On retirement, Olga relocated to Miami Florida, where her son Carlton and his wife Beverly and family lived. Olga attended Miami Gospel Church in Miami.

Ernest Owens

Ernest Owens

The fifth child, went to Panama in the early 1940s to work on the Panama Canal for several years. He returned to Jamaica in the late 1940s. Earnest soon became a driver at Shell Oil Company in Kingston. He worked there for many years. He later worked at National Baking Company as a sales representative.

 

He married Joyce Chin. They have six children, they are, Mazie, Veronica, Sharon, Carlton, Princess and Andrew.   

Pauline Owens

Pauline Owens

My mother, was the sixth child of my grandparents. She was very close to her father Alexander. While Alexander loved all of his children very much, Pauline and her father had a very special bond. She looked exactly like him. They were so close, that everyone at home and in the Richmond district called her Miss Alex.

 

Early in her teens, Pauline stayed for a couple of years with her father Alexander in Montego Bay, there she took dressmaking and music lessons. Her teacher was Miss McFarlane.

 

After returning to Richmond Green, Pauline had two daughters, Cynthia and Gwen. Cynthia became very close to her grandparents. Cynthia and Gwen made beautiful memories on the farm with their grandparents, aunts, uncles and the neighbors in the district. They and their aunts were quite mischievous as most children are. So they got into trouble sometimes. 

 

There was a lady in the district - Ms. Lide who had an Avocado Pear tree, she also grew sugar cane. Cynthia, Gwen and also Elsie, Lena and Ellen could not resist picking pears from this tree and breaking the cane without permission on the way to school. They would eat the cane on their journey, but hide the pears in the bushes and get them on their way home from school. They loved to torment Ms. Lide, and so, though she would complain about their behavior and they would be punished, they persisted in their actions.

 

Alexander fell ill some years later, and Pauline became his personal nurse. She remained his nurse until he died in her arms.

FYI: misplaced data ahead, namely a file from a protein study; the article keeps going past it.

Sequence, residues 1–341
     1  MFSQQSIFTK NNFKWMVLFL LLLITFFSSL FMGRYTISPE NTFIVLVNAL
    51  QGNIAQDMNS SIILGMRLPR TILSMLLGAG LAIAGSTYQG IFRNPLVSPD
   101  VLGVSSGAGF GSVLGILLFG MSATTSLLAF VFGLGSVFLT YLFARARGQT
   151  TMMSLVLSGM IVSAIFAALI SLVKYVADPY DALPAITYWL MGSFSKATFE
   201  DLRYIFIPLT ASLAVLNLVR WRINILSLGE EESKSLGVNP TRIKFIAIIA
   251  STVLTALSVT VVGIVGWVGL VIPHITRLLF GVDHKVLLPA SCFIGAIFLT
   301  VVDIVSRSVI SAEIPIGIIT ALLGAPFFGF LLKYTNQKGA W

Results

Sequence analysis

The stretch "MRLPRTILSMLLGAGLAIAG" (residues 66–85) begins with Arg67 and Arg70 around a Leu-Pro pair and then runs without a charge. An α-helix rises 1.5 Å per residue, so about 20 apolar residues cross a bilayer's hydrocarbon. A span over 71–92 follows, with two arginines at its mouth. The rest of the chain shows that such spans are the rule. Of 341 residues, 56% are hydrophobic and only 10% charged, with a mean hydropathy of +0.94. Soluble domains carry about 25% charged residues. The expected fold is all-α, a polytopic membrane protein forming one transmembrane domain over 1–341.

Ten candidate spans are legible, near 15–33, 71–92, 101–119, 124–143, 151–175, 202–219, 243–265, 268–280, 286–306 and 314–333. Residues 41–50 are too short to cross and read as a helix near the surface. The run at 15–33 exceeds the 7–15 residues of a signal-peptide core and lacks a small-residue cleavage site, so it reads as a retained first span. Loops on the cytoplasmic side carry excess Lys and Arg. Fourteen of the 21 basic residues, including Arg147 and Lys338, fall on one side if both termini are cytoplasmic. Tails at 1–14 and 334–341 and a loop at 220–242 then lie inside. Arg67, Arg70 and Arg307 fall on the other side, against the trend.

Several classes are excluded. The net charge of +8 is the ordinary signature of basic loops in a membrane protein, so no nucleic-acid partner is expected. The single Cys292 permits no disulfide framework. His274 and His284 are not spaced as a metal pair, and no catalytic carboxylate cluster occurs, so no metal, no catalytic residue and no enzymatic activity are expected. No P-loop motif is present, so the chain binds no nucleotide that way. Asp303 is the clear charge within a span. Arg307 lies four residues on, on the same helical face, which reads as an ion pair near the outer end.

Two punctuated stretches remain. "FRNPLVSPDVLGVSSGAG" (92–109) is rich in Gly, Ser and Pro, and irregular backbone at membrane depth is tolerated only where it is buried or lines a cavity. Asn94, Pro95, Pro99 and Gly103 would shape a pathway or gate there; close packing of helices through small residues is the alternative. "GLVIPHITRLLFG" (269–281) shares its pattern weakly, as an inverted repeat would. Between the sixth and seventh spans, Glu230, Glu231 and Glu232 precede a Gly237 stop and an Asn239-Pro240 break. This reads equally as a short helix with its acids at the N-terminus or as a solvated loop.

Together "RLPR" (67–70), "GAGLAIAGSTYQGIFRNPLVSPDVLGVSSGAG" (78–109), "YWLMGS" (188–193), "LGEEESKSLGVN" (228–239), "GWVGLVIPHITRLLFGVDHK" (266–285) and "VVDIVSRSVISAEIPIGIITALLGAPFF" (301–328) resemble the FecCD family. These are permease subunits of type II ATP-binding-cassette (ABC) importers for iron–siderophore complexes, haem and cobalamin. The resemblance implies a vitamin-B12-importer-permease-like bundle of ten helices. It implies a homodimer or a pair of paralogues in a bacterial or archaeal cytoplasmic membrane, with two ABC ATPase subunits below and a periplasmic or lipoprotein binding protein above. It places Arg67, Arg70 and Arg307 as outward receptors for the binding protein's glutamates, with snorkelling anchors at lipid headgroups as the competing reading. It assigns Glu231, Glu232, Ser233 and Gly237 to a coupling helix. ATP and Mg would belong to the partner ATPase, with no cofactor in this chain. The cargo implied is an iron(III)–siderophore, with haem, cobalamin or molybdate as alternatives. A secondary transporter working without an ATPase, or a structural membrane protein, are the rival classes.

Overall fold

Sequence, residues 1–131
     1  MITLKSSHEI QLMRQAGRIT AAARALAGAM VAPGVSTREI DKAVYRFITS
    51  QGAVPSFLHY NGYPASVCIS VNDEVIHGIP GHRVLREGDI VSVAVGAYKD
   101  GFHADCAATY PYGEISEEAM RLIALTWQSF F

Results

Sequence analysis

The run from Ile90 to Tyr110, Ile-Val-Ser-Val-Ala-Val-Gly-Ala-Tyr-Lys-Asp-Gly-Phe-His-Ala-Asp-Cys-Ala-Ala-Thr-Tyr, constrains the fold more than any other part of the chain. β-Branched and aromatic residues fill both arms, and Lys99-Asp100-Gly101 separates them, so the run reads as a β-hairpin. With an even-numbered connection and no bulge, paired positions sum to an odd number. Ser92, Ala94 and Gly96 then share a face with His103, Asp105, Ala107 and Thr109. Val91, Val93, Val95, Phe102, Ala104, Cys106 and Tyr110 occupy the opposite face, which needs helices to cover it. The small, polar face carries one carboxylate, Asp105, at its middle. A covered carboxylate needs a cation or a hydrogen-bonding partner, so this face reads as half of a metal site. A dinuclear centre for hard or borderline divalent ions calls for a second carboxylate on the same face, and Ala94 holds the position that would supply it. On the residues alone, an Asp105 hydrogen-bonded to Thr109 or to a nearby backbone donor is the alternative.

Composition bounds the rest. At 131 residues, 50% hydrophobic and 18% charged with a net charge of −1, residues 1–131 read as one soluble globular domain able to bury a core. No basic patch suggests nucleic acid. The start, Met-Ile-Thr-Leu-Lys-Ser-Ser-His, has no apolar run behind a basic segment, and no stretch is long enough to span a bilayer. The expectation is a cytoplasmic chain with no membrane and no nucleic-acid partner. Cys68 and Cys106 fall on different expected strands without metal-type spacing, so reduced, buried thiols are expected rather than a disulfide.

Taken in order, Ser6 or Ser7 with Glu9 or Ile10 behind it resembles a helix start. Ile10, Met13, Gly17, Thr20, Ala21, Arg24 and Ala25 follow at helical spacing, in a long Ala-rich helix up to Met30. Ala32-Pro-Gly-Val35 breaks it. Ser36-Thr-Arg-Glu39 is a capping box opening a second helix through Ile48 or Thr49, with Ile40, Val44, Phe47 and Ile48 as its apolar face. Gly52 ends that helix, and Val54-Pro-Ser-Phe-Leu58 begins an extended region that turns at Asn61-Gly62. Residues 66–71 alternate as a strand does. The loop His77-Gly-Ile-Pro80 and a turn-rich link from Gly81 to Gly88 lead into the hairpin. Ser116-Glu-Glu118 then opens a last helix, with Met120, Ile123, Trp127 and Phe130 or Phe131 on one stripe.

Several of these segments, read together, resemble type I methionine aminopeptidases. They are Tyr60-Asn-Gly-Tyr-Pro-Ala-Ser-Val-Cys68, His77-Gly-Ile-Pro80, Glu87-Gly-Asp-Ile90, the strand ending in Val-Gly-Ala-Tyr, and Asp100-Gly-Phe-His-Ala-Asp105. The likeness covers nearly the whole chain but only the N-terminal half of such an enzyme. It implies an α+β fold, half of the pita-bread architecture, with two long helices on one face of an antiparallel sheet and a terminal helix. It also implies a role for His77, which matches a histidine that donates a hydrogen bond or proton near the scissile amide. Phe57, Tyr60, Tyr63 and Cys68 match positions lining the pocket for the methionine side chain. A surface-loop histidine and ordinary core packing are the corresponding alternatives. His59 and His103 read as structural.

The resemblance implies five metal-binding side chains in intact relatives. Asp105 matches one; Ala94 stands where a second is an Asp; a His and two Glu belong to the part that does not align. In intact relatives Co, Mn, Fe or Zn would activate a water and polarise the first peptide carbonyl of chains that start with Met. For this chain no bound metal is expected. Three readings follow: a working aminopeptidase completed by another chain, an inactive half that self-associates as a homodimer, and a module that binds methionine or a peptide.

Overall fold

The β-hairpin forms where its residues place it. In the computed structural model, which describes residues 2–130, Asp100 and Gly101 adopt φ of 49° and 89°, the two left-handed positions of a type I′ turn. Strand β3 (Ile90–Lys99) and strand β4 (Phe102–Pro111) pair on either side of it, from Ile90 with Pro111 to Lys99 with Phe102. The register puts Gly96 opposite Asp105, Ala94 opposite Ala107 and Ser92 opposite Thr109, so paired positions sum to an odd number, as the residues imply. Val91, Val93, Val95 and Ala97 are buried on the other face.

Pauline left Richmond Green to live in Richmond soon after her parents' death. She took Cynthia with her. Gwen however, stayed with her father Stanley and aunt and cousin in Richmond Green. She was raised by them in a house not too far from the Owen's farm.

 

Richmond was a bigger town than Richmond Green; Pauline hoped to find a job there. She did find a job. She took care of the son of the Catholic Bishop of the district. Her charge grew up to become the president of a catholic organization devoting itself to working tirelessly to better the lives of poor people globally.

 

A few weeks later her sisters Elsie, Lena and Ellen joined Pauline in Richmond. But this did not last. They wanted to stay in the same place, but they all couldn't find good jobs in Richmond. So they moved to Kingston.

 

Sometime later, Pauline met and married Neil Godden. Together, they had three children, Evelyn, Hector and Delta. Pauline found a good job in Kingston at the Ministry of Finance, Department of Supply. She worked there for many years. Pauline was also a seamstress.

 

Cynthia and Gwen went back and forth between Kingston and Richmond Green as they grew up. Then as young women, they both went to London, England to study nursing. Elsie who was by this time an established seamstress made the dresses the sisters wore to embark on this great adventure. As everyone waved them good-bye, Pauline was teary-eyed to see them go; they had grown into such fine young ladies.

 

Pauline migrated to Baltimore, Maryland in 1971. She got a job as a nanny for the children of an affluent pilot and his wife. When that job ended, Pauline like her sister Elsie, decided to work in health care. She became a certified nursing assistant and secured a position at Crownsville State Hospital in Maryland from 1973- 1975.


Her children Evelyn, Hector and Delta who had been living in Jamaica, joined her in Maryland in 1973. Couple years later, Pauline relocated from Maryland to Brooklyn, New York with the children. She dedicated herself to caring for the homebound in New York until she retired/ became ill in 2000.